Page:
Legislators learn of plan to invest tobacco money
LITTLE VALLEY - Cattaraugus County could be debt-free in 18 years, and have $7.8 million left over, by using tobacco-settlement money to create a capital reserve account.
During a committee meeting Wednesday, Cattaraugus County legislators learned of a plan to buy out their share of a national settlement from tobacco companies and how to invest the money.
Treasurer Joseph G. Keller detailed how to create a capital reserve fund, which would secure a portion of the tobacco money each year. Added to a projected increase in sales taxes and repayments of previous debts, the money would be invested and create a reserve credit each year, including $1.2 million by Dec. 31.
The county is one of several to hear a presentation from representatives from the state Association of Counties; First Albany Corp., an investment firm; and investment attorneys regarding a buyout plan.
The county is scheduled to get about $42 million over 25 years from the tobacco settlement and has already received $1.8 million.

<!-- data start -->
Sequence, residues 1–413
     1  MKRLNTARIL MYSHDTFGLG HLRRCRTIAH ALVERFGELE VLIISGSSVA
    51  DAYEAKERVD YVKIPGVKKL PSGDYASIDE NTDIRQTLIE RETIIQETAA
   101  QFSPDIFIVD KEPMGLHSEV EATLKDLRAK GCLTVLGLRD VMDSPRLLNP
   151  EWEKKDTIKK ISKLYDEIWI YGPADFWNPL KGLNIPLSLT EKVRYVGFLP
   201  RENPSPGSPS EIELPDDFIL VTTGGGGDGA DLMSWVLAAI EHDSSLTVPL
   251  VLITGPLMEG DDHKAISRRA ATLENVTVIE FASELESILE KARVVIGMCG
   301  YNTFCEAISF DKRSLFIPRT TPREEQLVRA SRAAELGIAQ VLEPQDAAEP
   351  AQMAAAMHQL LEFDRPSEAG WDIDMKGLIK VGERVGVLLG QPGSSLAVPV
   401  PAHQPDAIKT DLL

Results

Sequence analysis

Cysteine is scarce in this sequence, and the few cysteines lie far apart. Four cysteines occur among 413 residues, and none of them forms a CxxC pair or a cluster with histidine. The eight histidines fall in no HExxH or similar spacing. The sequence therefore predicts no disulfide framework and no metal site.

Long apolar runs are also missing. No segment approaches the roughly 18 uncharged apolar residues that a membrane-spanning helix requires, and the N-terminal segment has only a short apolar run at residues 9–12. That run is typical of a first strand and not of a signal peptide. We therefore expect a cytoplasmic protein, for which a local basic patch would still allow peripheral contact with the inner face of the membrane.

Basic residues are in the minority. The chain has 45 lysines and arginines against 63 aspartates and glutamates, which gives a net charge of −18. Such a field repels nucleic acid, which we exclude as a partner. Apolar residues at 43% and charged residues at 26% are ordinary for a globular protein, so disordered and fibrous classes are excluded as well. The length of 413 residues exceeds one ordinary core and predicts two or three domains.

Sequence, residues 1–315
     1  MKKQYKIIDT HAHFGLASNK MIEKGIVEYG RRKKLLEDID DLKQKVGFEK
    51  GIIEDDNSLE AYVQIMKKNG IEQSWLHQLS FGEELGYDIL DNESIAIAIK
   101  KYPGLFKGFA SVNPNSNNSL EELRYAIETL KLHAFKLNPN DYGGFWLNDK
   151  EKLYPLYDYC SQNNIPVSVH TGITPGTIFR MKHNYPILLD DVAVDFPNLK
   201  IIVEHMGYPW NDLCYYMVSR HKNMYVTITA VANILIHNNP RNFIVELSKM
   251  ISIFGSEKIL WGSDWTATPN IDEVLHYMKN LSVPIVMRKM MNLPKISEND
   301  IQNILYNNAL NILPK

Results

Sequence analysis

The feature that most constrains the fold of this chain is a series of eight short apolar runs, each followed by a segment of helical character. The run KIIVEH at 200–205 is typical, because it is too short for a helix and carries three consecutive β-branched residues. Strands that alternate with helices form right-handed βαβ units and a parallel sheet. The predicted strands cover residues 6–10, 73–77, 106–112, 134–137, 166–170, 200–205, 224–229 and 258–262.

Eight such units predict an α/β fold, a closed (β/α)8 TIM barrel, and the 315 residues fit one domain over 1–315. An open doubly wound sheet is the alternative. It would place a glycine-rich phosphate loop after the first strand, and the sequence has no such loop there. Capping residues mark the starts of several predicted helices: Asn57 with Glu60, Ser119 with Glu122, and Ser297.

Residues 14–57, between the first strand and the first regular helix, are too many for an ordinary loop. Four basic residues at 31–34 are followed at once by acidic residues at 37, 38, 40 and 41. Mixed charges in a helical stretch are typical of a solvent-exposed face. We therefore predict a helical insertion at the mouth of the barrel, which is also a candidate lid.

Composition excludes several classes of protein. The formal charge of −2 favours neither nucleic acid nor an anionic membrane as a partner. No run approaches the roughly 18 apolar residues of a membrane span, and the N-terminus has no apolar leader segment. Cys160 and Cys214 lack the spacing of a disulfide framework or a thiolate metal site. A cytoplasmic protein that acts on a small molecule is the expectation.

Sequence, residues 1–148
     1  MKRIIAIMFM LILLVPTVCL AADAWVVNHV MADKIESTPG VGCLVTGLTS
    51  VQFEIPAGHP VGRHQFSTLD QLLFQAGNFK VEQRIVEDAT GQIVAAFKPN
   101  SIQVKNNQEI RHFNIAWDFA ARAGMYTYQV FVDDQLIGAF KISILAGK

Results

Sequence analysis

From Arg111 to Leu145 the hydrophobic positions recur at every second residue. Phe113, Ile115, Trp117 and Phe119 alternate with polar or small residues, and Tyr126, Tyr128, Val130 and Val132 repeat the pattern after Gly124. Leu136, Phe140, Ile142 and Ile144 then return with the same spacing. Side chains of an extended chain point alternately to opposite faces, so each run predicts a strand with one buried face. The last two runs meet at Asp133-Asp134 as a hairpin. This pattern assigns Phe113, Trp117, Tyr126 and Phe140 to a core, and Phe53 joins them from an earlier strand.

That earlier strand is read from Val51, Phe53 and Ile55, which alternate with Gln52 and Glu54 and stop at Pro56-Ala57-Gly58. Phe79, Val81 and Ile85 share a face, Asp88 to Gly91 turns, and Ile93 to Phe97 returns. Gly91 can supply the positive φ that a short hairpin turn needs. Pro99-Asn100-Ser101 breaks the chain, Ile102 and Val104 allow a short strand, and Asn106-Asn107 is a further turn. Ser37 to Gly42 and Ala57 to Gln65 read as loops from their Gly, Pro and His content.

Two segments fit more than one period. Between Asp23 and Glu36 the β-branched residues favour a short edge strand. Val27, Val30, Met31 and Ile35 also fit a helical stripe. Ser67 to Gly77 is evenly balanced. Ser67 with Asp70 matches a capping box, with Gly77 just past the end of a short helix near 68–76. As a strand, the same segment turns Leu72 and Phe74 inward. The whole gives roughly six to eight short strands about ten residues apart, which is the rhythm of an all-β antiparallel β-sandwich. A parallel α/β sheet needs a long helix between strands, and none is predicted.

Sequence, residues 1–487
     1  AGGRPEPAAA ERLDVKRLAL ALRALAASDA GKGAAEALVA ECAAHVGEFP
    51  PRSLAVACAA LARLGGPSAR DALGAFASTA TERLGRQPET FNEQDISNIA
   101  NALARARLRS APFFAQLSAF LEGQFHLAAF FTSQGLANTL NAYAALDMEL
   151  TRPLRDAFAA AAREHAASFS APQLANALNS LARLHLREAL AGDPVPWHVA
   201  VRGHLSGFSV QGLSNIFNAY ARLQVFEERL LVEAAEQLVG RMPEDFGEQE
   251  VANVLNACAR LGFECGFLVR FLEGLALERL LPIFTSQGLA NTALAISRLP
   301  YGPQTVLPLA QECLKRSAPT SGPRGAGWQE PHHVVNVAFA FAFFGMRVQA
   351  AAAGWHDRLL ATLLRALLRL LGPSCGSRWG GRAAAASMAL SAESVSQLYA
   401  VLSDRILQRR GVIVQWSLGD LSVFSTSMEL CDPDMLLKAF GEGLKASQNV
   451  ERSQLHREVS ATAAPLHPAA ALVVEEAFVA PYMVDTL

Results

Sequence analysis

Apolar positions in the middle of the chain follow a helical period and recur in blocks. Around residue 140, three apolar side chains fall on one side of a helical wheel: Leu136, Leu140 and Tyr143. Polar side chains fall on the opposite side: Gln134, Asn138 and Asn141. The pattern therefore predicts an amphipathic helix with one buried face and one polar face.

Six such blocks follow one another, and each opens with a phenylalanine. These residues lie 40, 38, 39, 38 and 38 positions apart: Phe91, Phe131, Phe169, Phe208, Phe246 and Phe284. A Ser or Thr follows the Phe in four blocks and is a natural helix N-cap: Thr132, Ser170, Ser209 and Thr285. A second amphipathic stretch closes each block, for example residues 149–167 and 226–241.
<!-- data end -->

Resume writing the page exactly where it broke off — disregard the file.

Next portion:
A buyout would bring $14.6 million up front and create a $5 million residual over 30 years.
The county must have a plan to spend any up-front money and cannot use it to directly reduce taxes.
Under Keller's plan, the county would apply $4 million toward paying off a 1994 bond; meet its remaining obligation of $7.1 million to Jamestown Community College for an expanded campus in Olean; provide $263,000 for new showers at the Onoville Marina; use $220,000 to expand the veterans cemetery in Olean; and spend $3 million for road and bridge projects.
The plan would eliminate the need to borrow each year for roads and bridges, Keller said. Up to $26 million could be saved in interest by not borrowing $70 million through bonding projects.
For example, the county borrowed $905,000 last year for road construction. Before the bond expires in 15 years the interest will increase the total money borrowed to $1.2 million, he said.
Paying off the JCC debt up front would save the county $2.8 million in interest, Keller estimated.
The county must decide by Sept. 15 whether to sell the tobacco money.
The next step would be to create a local development corporation, which would authorize the sale of the assets through bonds and then pass the money back to the county to implement the capital reserve proposal.